The second season of TIFF’s Books on Film series, which screens cinematic adaptations of literary texts followed by discussion, is drawing big names from both the publishing and film industries.

Shane Smith, director of public programs for TIFF, says festival staff worked closely with the series host, CBC Radio’s Eleanor Wachtel, to determine the lineup and guest speakers. “Eleanor’s well known for her work in literature, but she’s a big film buff as well, and has an encyclopedic knowledge of film,” says Smith.

In determining this year’s program, Smith says, “We looked at films we’d loved. Sometimes we’d drop a film and a book because we couldn’t get the right guest. Other times, the guest led the choice of film.”

Russell Banks, who will discuss the Academy Award–winning adaptation of his novel Affliction on Feb. 27, was “on our list from the get-go,” says Smith. “We’re thrilled we can get the book, get the film, and get him at the same place.”

Other guests include filmmaker Atom Egoyan on his adaptation of William Trevor’s novel Felicia’s Journey (Feb. 6); feminist film critic and author Molly Haskell on Cary Fukunaga’s version of Charlotte Brontë’s classic Jane Eyre (March 26); and author Will Aitken on Luchino Visconti’s adaption of Thomas Mann’s novella Death in Venice (April 16).

On May 14, Knopf Random Canada executive vice-president and publisher Louise Dennys will provide context for the 1949 thriller The Third Man, written by Dennys’ uncle, Graham Greene, and on June 18, James Ivory, director of some of contemporary cinema’s most celebrated literary adaptations, will discuss E.M. Forster’s Howard’s End.

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Weekend reading list: top stories from around our offices

Every weekend Q&Q rounds up the highlights from other websites in the St. Joseph Media family. This week’s top stories include a tribute to Apple and plenty of Thanksgiving recipes.

Grace Kelly gets the royal treatment at TIFF Lightbox [Toronto Life]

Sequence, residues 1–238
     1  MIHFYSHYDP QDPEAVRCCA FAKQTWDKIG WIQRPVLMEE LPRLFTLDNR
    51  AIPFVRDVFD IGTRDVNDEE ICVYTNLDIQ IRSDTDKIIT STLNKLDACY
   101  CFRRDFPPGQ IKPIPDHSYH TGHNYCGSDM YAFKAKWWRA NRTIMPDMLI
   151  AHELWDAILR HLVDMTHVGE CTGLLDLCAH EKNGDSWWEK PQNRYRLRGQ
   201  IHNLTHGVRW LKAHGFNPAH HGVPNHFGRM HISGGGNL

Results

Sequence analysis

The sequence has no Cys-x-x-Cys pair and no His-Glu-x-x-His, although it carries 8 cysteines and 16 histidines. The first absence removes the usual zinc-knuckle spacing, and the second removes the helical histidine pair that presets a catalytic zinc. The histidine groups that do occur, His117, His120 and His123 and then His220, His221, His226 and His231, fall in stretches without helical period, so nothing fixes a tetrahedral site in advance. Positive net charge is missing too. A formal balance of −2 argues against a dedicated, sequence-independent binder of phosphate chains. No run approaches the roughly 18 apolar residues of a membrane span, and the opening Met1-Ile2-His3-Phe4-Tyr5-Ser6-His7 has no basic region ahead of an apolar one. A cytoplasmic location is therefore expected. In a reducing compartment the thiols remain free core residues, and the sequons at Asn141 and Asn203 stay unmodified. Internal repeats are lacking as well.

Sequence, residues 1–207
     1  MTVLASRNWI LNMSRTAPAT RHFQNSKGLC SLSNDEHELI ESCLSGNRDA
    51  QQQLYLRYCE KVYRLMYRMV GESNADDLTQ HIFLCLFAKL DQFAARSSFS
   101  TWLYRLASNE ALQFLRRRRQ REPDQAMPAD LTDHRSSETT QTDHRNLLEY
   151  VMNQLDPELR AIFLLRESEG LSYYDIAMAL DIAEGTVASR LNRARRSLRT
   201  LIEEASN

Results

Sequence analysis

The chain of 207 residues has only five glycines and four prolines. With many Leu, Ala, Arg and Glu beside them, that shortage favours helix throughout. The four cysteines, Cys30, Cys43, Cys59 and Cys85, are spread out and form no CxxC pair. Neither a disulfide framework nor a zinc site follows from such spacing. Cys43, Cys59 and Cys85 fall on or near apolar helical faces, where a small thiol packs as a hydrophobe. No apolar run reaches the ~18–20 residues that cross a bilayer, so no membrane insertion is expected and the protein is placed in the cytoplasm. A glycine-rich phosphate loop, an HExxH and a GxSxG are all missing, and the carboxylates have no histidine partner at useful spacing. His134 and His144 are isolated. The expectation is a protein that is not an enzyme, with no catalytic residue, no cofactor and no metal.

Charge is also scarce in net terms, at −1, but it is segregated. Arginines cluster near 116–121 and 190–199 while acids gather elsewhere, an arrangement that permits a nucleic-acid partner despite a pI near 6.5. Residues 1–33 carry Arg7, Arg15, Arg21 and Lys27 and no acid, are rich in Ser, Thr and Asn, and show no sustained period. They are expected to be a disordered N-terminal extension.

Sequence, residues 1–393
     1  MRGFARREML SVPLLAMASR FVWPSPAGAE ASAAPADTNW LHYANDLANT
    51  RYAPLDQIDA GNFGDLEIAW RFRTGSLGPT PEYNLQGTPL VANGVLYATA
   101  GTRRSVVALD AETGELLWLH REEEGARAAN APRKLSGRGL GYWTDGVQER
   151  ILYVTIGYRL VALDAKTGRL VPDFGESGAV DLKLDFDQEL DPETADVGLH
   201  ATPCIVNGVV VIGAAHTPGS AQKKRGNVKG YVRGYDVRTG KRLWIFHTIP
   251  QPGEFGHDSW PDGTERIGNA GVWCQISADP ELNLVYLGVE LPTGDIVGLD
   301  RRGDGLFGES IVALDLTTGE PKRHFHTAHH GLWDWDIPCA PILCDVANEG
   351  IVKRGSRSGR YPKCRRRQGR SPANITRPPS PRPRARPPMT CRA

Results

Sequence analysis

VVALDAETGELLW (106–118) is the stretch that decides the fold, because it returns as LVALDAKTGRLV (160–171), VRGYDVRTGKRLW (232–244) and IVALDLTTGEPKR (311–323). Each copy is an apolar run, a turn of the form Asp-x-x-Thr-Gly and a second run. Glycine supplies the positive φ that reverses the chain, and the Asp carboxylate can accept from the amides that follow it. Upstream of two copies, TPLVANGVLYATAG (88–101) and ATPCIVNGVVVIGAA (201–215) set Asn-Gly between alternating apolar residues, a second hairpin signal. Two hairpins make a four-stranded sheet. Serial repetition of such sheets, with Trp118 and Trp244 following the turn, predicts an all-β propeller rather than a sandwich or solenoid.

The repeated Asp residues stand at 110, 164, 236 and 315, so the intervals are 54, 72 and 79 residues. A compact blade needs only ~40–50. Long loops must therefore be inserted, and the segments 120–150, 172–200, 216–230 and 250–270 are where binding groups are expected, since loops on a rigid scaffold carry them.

The fashionable ways of Steve Jobs [Fashion Magazine]

Fifteen easy slow cooker recipes [Canadian Family]

Chloe Berlanga’s Tortillas de Patatas recipe [Ottawa Magazine]

Our 10 recommended record shops [Where Canada]

Seven Thanksgiving pies, crumbles, and crisps [20 Minute Supper Club]

DIY wedding ideas from cakes to centrepieces [Wedding Bells]

Hooded Fang makes some noise in the Toronto Public Library [Torontoist]

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Book links round-up: happy authors, Amazon in Spain, and more

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Weekend reading from St. Joseph Media

From the latest film festival news to trendsetting fashions, here are the week’s top stories from around the St. Joseph Media offices:

Toronto Life: Up to the minute celebrity and industry news from the 2011 Toronto International Film Festival

Fashion Magazine: Montreal Fashion Week Diary: with Barilà, and Anastasia Lomonova

Canadian Family: One mom’s tips for weight-loss success

Ottawa Magazine: Q&A with Wallis Giunta, opera singer and the face of McCaffrey Haute Couture

Where Canada: Canada’s national parks

20 Minute Supper Club: Nine after-school snacks they’ll love

Wedding Bells: Engagement ring picks For Hollywood’s fashion trendsetters

Torontoist: Full TIFF 2011 coverage

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15 TIFF films for the literary-minded

You’re not going to get close to Brad Pitt, in town this weekend for the premiere of Moneyball, the adaptation of Michael Lewis’s baseball book of the same name, but if you’re attending the Toronto International Film Festival this week, here are 15 more book-to-screen adaptations or literary-minded films to keep in mind.

Albert Nobbs: Glenn Close stars in the adaptation of George Moore’s 19th-century short story about an Irish woman who disguises herself as a man to work as a butler.

Almayer’s Folly: In 2000, director Chantal Akerman adapted the fifth volume of Proust’s À la recherche du temps perdu for the big screen; this time it’s Joseph Conrad’s debut novel.

Anonymous: Director Roland Emmerich travels back to the court of Queen Elizabeth I in this drama, which suggests Edward de Vere, Earl of Oxford, may have written Shakespeare’s greatest plays.

Chicken with Plums: Marjane Satrapi reunites with her Persepolis co-director Vincent Paronnaud to adapt the second graphic novel in the trilogy.

A Dangerous Method: David Cronenberg’s period piece is adapted from screenwriter Christopher Hampton’s play, which was based on John Kerr’s non-fiction work A Most Dangerous Method: The Story of Jung, Freud, and Sabina Spielrein.

The Eye of the Storm: Charlotte Rampling plays an aging matriarch to Geoffrey Rush and Judy Davis in this adaptation of Australian author Patrick White’s novel of the same name.